03/25/2015 12:45PM

McCauley charged with administering ‘milkshake’ on race day


LEXINGTON, Ky. – The Kentucky Horse Racing Commission has charged trainer Tevis McCauley with multiple violations of its racing rules, including administering a so-called milkshake to a horse entered on race day, according to the commission and McCauley.

McCauley, who has a string of horses at Keeneland, vehemently disputed the charges in an interview Wednesday, and he denied the specific charge of administering the milkshake, saying investigators were fully aware that the horse in question was not going to race on the day the horse was administered a solution of electrolytes and lactinates via nasal gastric tube, which often is called a “drench” on backstretches.

Dick Brown, a spokesman for the racing commission, said the commission could not comment on the investigation. However, he did provide a list of statutes that were cited in the complaint against McCauley, including several dealing with licensing issues and a specific rule prohibiting the administration of any substance by nasal gastric tube within 24 hours of a race.

McCauley, 30, said he has yet to be served with a formal complaint. However, he met with officials of the commission for two hours in early March, when the investigators questioned him about the milkshake charge, he said.

McCauley said his barn and truck had been searched multiple times by investigators prior to the alleged milkshake incident, which occurred in July at Keeneland and involved the horse Sasueno. McCauley said the horse had run a fever a day earlier, and he planned to scratch the horse from a race at Ellis Park in western Kentucky later that day. The horse was “drenched” that morning by a veterinarian in view of investigators, McCauley said.

“It’s crazy,” he said. “It’s ridiculous. The horse was not going to run that day. They knew it. He had a fever the night before, and the horse needed fluids. We didn’t have anything to hide.”

McCauley said commission investigators were focusing on his operation throughout 2014. He claimed the investigation likely stems from a former assistant trainer he had fired “with cause” late in 2013.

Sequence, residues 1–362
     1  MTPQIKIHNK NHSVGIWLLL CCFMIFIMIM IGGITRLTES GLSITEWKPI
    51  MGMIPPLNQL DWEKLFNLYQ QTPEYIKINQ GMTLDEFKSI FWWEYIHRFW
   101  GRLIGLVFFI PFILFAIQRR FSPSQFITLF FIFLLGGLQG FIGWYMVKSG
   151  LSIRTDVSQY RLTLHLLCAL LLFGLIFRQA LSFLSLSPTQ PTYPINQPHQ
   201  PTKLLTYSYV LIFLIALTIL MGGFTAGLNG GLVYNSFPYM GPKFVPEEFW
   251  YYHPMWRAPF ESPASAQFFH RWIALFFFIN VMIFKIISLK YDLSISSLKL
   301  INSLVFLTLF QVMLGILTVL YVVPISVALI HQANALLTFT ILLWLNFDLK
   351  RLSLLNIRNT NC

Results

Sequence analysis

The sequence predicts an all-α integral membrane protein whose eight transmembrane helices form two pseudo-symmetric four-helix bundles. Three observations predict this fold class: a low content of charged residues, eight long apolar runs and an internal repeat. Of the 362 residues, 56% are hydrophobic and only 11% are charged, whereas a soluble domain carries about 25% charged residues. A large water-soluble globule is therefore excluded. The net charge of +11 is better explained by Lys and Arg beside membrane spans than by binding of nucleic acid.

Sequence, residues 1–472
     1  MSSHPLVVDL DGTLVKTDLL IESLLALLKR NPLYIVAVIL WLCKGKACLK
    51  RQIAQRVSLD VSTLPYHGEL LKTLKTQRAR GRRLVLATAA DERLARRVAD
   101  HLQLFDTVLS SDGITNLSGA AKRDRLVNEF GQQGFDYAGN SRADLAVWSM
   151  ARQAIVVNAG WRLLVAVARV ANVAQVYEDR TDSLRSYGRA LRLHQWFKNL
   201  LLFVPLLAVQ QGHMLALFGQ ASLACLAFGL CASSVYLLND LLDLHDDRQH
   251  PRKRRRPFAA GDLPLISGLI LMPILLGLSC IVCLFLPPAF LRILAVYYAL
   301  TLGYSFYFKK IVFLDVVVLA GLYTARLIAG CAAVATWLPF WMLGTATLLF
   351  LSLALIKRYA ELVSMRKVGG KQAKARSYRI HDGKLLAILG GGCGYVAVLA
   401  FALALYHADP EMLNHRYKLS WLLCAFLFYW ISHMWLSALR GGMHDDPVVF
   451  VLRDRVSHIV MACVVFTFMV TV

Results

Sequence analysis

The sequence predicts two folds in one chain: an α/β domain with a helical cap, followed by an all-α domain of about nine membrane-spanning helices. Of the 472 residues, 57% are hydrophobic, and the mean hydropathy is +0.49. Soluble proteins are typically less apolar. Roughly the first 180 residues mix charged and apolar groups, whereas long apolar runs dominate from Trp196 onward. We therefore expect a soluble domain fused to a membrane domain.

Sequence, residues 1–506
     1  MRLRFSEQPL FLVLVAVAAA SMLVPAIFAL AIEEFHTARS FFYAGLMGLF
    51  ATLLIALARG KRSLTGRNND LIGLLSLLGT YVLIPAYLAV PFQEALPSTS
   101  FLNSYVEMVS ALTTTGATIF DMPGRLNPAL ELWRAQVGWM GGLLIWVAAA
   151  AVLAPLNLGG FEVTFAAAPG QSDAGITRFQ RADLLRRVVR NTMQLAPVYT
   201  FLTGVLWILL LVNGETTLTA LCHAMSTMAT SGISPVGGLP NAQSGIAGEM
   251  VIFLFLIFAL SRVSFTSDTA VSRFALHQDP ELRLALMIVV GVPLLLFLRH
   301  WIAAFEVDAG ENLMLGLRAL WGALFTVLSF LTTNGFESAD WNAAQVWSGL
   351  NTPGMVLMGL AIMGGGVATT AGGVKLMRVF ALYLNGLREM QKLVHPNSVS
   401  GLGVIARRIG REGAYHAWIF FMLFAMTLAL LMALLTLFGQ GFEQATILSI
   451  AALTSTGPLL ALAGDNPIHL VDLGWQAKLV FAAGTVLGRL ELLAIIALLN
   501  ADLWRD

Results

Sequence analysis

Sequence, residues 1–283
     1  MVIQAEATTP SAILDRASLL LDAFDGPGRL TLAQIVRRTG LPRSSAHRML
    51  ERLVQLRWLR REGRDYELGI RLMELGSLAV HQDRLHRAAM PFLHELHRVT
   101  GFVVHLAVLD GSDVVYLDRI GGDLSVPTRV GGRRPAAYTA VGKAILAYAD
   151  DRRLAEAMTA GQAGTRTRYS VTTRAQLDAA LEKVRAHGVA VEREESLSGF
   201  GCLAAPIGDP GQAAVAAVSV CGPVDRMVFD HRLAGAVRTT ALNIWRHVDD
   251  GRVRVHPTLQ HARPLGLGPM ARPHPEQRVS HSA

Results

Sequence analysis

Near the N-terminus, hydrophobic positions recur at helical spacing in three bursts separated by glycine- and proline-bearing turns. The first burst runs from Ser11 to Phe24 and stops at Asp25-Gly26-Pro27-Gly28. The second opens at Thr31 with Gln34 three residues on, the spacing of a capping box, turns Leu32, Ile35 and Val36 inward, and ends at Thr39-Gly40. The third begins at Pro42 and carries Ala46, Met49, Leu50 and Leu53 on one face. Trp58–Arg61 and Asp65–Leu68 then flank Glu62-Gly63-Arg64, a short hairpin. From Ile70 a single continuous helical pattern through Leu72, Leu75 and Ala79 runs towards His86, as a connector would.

“This is getting old,” he said. “It’s just an irate former employee making crazy claims about me.”

One of the rules violations cited by the commission involves failing to report that a filly or mare had been covered by a stallion prior to running. McCauley said he does not know what the charge would be based on, and he said the only issue brought up during his two-hour meeting with commission staff involved the alleged milkshake incident.

“They didn’t mention any of that other stuff during the interview,” McCauley said.

McCauley said he has 17 horses in training. According to a database maintained by the Association of Racing Commissioners International, McCauley was suspended 10 days and fined $1,000 by the Kentucky commission for phenylbutazone and flunixin overages in a post-race test after a race at Turfway Park in December 2012. He also was fined $1,000 in September 2012 for a positive test for methylprednisolone, a corticosteroid, in Pennsylvania, and in the previous three years, he had several other horses test positive for overages of phenylbutazone in Indiana and West Virginia.

According to Equibase records, McCauley has won 126 races from 662 starts for total earnings of $2,865,630, a strike rate of 19 percent. This year, he has won with three horses from 13 starts.